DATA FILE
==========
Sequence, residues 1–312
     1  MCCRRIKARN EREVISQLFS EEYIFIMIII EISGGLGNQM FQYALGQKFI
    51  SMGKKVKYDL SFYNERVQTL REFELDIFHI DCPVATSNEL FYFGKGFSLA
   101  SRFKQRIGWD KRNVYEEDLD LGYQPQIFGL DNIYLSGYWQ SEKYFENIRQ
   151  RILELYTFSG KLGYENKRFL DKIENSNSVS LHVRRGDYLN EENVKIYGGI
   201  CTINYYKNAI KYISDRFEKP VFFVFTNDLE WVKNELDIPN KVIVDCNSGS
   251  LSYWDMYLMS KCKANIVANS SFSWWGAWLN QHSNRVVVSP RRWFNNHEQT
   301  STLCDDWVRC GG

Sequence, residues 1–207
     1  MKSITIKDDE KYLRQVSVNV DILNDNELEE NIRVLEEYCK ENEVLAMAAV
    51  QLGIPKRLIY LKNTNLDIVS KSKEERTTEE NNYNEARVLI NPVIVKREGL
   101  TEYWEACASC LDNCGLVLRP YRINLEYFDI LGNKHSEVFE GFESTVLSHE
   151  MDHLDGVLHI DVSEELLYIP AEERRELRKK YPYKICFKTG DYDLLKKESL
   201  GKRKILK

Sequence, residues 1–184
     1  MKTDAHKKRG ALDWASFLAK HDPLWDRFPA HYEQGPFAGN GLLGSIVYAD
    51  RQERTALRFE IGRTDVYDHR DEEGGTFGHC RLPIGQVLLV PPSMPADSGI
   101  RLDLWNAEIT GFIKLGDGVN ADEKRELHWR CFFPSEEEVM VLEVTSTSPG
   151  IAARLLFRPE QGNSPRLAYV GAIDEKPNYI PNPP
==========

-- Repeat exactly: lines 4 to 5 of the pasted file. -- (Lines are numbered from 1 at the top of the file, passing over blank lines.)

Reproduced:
   101  SRFKQRIGWD KRNVYEEDLD LGYQPQIFGL DNIYLSGYWQ SEKYFENIRQ
   151  RILELYTFSG KLGYENKRFL DKIENSNSVS LHVRRGDYLN EENVKIYGGI